ATLANTA, Georgia (CNN) -- James Brown, the legendary R&B belter, a singer and songwriter who created a foundation for funk and provided the roots of rap, a man of many nicknames but a talent that can only be described as one of a kind, is dead.
Brown died early Monday at Atlanta's Emory Crawford Long Hospital of congestive heart failure, his agent said. He was 73.
"The most difficult thing is for me to stand here without him. We were a team," Charles Bobbit, Brown's personal manager, told reporters Monday.
Pausing to fight back tears, Bobbit said he was at Brown's bedside when he died.Brown told him, "I'm going away tonight." Then he took three long, quiet breaths, and closed his eyes, Bobbit said.
Brown was in Atlanta for a dental appointment when he fell ill and was admitted to the hospital over the weekend for pneumonia.
"It appears what happened is that he did die of a heart attack as a result of his pneumonia," the singer's agent Frank Copsidas told CNN Radio.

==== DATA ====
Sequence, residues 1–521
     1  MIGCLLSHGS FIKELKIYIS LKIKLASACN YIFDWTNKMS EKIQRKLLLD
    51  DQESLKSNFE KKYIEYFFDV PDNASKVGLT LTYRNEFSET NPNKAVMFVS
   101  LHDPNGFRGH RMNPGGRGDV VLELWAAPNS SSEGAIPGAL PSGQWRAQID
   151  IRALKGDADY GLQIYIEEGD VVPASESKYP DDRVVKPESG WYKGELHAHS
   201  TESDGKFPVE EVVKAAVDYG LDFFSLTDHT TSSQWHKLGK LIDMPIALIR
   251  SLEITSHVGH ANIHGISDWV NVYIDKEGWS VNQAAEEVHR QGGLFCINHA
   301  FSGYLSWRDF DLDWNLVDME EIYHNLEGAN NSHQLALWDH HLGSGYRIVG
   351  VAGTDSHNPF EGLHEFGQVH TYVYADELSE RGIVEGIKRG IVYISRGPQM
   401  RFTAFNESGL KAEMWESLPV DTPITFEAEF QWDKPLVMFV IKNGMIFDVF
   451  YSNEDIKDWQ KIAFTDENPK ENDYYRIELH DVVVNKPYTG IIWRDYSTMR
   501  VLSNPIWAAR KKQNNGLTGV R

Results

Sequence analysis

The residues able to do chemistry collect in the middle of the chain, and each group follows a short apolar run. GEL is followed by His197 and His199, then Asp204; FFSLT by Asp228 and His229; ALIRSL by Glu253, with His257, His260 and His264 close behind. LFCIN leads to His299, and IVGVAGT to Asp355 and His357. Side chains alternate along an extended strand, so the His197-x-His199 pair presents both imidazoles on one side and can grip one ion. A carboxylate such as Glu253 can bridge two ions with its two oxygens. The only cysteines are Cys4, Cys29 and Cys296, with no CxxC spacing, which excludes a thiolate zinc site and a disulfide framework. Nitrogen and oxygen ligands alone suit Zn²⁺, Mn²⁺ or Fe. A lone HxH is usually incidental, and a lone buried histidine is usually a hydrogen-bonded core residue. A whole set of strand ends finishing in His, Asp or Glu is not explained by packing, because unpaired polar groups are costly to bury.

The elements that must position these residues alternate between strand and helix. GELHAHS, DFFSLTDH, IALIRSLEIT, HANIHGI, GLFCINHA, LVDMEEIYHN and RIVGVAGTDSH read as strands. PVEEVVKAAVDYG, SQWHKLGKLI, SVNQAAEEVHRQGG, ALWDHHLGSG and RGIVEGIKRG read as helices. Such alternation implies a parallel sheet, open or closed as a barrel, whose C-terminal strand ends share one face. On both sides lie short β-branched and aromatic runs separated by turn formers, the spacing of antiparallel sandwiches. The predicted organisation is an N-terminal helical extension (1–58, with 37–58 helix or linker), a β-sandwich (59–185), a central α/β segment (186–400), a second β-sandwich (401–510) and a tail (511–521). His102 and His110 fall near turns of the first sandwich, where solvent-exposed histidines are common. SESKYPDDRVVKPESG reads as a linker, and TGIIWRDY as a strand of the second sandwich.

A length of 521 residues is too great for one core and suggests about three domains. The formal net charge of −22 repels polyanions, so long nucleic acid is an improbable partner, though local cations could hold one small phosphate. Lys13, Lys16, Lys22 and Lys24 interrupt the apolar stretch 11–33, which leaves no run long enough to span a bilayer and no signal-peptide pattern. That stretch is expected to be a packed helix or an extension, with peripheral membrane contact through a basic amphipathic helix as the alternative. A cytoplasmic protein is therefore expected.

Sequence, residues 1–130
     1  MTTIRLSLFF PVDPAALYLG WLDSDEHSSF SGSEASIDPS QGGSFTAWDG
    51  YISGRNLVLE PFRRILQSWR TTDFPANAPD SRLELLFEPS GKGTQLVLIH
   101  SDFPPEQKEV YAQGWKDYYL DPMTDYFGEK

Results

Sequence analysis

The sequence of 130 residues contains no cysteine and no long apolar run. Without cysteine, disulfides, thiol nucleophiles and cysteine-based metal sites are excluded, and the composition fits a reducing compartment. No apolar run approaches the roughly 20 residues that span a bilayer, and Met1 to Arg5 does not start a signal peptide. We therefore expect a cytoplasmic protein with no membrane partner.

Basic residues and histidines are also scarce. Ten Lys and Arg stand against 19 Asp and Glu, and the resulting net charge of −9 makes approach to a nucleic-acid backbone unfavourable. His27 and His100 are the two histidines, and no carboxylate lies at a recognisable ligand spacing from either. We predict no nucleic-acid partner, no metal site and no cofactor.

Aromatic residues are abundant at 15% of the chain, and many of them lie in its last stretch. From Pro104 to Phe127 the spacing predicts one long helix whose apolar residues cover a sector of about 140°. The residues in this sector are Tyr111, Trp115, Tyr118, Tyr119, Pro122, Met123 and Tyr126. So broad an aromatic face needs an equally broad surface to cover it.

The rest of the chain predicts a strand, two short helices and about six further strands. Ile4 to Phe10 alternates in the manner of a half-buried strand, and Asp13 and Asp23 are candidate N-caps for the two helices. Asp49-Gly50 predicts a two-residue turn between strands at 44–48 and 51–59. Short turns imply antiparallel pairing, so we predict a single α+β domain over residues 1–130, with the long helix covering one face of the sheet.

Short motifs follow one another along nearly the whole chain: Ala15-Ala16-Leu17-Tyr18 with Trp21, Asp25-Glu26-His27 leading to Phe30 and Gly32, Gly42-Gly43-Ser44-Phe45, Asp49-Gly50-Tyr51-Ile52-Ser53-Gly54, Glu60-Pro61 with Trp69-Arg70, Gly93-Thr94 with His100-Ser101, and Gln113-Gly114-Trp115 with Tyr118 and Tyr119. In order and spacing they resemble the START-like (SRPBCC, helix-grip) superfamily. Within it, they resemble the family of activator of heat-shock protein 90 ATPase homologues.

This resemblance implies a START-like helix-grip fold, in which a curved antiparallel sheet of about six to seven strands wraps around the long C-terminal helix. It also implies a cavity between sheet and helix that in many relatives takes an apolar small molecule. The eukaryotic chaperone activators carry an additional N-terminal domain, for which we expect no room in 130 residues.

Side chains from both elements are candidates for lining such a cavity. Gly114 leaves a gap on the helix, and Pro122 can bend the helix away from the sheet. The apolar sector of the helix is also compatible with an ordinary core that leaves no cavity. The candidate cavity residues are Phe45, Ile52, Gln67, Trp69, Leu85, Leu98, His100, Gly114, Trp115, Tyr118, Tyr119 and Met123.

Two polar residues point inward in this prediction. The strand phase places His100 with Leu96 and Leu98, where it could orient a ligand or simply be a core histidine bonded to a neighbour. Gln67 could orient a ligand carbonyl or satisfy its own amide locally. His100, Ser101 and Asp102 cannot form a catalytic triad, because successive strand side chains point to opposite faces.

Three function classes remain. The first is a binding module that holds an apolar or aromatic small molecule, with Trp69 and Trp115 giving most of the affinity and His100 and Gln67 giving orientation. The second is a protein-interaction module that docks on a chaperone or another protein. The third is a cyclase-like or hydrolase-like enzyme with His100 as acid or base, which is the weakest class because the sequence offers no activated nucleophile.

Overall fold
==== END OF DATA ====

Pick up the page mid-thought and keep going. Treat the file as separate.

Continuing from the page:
Brown -- known variously as "the Godfather of Soul," "The Hardest Working Man in Show Business," "Soul Brother Number One" and "Mr. Dynamite" (and often introduced as all of the above) -- was known for his elastic dance moves, razor-sharp musicianship and all-stops-out performances.
He was, literally, an impossible act to follow: The Rolling Stones were said to have been terrified to come on after Brown in "The T.A.M.I. Show," a 1964 concert that appeared on film the next year. ("Nobody could follow me," Brown told "T.A.M.I. Show" director Steve Binder, according to a Los Angeles Times article.) Brown's performance in that show even earned an ovation from the
"You have the Rolling Stones on the same stage, all of the important rock acts of the day, doing their best -- and James Brown comes out and destroys them," producer Rick Rubin wrote in Rolling Stone. (i-Report: Your thoughts on James Brown)